Watch Romanoff's remarks, courtesy of denverdirect.tv at Wednesday's Denver campaign event in Washington Park:
Update: Andrew Romanoff has picked up a major endorsement in State Treasurer Cary Kennedy. In an email to supporters, Kennedy writes:
I am writing to you today to let you know that I have endorsed Andrew Romanoff to serve as Colorado's next United States Senator.
As you may know, Andrew and I have worked side by side for 15 years on issues that matter to Colorado. We have worked together to expand mental heath services in Colorado's neediest communities, to secure bipartisan support for a successful balanced-budget agreement (Ref. C), to open doors for children to have low-cost health insurance (SCHIP), and to repair and replace aging school buildings throughout Colorado (BEST). Andrew is a tireless advocate for the people of Colorado and an extraordinarily effective legislator. I have watched him move mountains to promote fairness, justice, equality, and opportunities for all, and I know he will do the same in Washington.
Primaries are difficult. Sen. Michael Bennet is also a wonderfully talented leader. The good news is Colorado will be exceptionally well served with either of these two men in the Senate. I appreciate your continued support and look forward to seeing you during the upcoming campaign season.
Update: In a survey conducted on Tuesday, September 15, Rasmussen found Jane Norton up by 8 points--42%-34%--over Andrew Romanoff and up 9 points--45%-36%--over Michael Bennet in a general election.
Update: Andrew Romanoff made his Senate Candidacy official this morning in Pueblo. Joining him at his announcement rally was an impressive contingent of Colorado Latina leaders, including Denver City Councilwoman Ramona Martinez, state Sen. Abel Tapia and former state Sen. Polly Baca. At the Pueblo rally, Romanoff quoted Bobby Kennedy by saying "If you stand with me today, I promise I will always stand with you." Additionally, Romanoff coordinated the launch of his website to correspond with this morning's announcement.
Former Speaker of the Colorado House of Representatives Andrew Romanoff has the state--and indeed, the whole country--buzzing. The Senate bid from the popular former Speaker, coupled with former Lieutenant Governor Jane Norton's announcement has turned a sleepy cakewalk of an election for incumbent appointee Michael Bennet into what figures to be a grueling marathon.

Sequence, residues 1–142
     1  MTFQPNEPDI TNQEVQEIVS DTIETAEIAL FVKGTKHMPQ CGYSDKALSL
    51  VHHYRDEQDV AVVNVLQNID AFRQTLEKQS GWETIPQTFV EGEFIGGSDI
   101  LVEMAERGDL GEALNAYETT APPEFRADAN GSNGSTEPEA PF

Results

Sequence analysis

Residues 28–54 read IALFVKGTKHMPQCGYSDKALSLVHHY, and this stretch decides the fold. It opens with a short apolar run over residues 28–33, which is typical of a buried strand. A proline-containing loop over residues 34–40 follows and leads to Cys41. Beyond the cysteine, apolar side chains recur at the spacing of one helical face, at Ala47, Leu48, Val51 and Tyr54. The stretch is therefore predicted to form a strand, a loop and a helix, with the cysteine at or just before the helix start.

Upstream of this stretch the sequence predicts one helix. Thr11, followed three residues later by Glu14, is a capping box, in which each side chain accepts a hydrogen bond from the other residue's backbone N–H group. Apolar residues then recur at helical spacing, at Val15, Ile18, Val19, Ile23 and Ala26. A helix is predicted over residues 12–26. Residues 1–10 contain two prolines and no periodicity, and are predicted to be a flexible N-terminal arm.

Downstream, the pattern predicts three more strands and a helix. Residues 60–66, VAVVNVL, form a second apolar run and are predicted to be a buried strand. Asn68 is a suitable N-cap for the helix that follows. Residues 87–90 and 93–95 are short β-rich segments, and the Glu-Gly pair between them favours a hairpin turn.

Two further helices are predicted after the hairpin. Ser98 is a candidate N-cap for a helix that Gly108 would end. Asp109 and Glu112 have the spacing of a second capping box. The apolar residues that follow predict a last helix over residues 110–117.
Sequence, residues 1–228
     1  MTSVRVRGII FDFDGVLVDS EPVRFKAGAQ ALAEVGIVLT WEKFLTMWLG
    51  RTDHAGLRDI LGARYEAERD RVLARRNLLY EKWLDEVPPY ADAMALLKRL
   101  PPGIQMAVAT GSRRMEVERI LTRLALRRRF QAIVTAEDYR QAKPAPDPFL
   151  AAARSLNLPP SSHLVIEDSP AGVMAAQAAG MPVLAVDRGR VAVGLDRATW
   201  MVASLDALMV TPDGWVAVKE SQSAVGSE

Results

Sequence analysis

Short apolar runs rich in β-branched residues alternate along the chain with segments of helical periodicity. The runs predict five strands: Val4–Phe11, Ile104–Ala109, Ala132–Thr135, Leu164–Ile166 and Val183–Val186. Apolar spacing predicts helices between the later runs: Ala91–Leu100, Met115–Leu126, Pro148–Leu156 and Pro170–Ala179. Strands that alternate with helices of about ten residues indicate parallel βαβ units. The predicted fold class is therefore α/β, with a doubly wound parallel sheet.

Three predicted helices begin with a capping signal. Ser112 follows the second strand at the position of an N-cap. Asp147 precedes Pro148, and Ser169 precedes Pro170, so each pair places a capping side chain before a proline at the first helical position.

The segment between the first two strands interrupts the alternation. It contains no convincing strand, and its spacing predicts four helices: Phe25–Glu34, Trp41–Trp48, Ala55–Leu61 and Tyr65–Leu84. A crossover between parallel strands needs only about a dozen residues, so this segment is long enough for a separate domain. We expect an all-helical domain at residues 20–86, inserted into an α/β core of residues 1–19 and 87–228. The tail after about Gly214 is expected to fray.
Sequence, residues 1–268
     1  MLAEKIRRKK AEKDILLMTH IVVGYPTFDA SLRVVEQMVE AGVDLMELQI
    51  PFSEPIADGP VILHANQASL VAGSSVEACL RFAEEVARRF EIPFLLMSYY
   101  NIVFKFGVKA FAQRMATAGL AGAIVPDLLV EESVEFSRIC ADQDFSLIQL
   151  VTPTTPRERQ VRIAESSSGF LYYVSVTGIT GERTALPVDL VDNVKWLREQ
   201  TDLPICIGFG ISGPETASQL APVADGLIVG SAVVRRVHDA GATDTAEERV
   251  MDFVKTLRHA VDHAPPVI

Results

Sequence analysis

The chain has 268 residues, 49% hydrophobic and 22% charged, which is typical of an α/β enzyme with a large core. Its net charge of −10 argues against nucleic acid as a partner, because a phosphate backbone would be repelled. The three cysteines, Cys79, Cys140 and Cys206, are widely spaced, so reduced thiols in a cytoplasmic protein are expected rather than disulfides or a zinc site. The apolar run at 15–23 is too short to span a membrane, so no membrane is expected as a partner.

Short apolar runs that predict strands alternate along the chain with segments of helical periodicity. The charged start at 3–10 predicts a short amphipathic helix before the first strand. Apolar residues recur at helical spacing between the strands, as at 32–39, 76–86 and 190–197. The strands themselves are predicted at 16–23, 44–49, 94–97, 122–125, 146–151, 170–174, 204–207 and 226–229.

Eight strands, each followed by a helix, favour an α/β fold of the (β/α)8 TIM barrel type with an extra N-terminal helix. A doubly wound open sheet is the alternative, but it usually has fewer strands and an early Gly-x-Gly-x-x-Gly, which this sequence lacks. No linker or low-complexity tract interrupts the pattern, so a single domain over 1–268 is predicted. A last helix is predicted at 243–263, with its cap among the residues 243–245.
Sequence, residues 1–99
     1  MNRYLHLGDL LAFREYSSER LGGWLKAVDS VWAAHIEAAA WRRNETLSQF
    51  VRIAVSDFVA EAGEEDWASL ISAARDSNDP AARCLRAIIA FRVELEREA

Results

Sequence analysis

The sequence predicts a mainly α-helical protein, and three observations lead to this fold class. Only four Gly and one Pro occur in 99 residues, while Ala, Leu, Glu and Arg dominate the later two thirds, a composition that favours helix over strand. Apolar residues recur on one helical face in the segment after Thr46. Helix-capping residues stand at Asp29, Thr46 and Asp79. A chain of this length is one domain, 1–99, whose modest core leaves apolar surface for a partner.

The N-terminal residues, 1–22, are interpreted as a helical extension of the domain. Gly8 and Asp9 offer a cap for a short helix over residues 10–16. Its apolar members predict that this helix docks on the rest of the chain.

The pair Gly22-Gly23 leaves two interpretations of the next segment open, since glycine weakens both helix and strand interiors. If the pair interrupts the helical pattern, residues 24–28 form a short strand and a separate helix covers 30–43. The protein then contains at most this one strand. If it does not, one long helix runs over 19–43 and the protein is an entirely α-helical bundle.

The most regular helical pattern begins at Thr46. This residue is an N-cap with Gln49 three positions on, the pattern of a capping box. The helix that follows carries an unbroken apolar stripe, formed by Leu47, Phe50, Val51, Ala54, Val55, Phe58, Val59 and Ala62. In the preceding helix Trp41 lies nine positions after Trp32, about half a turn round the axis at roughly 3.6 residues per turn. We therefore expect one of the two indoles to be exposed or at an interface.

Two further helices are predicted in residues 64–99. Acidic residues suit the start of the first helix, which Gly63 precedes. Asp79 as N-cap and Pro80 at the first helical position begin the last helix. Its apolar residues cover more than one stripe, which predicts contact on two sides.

Here's what commentators, politicians and bloggers from Colorado, and around the country are saying about the suddenly exciting Colorado primary season:
Markos Moulitsas, the Daily Kos:
Bennet was appointed to his seat, not elected. He has never been elected to anything before. He is untested in a campaign setting, has never had to sell himself to the voters, has never had to craft a campaign message, has never had to build a field operation. But rather than test him in a primary before Democrats put all their eggs on the Bennet basket, the DSCC is doing what it can to clear the primary field for an incumbent nominated to the seat in an undemocratic process. Their director of communications, Eric Schultz, has spent the last few weeks sending out to their media list negative articles about Romanoff.
Rachel Maddow: (WATCH)
It's a good lesson not just here in Colorado, but everywhere: primaries are good because they make legislators more accountable to the constituents they are supposed to represent.
Dan Haley, The Denver Post:
Threats from the left have shifted the rhetoric of incumbent Democratic Senator Michael Bennet of Colorado. Here's where Bennet Started at a town hall meeting in Pueblo on Saturday; Senator Bennet gave flimsy support to the idea of a public option... saying he would probably vote for health reform without the public option. And then reports circulated that Senator Bennet would likely face a primary challenge from Democratic House Speaker Andrew Romanoff. And now... the Senator supports the public option after all... The left may be learning its lesson: if you don't lay down in front of the door, you're less likely to get used as a doormat.
Mike Littwin, The Denver Post:
Both guys are part of Generation Obama. Like the president, who is 48, the two Democrats, at 44, are a tad too old to be Gen Xers and too young to be baby boomers.
They're both center-left, white Yalies with law degrees. Romanoff did his undergrad work at Yale and was editor of the Yale Daily News. Bennet earned his law degree from Yale Law School and served as editor of the Yale Law Journal.
They're both non-native species to Colorado, and their roots here, however shallow, are only in Denver. Neither would look terribly comfortable in a bolo tie.
Governor Bill Ritter:
But when I talk to Democrats -- many of them Romanoff's friends -- they basically answer for Romanoff this way: If you want the honest truth, I was snubbed by my (former) BFF, the governor, I can't get past it, and so I come to you, the Colorado voters, because I don't have anything better to do on a Saturday night than sit in my room and read every last sub-clause of HR 3200.
They say that Romanoff, who thought very hard about running for governor four years ago, is using this primary to basically appeal Ritter's decision. You -- or at least those of you who vote in the Democratic primary -- get to be the jury.
What I am hopeful of is that it (the primary) does not split the party or split it in way that causes damage in the November election... I obviously would have counseled Andrew against this, but this is something he decided to do, and I'm going to be with Michael Bennet.
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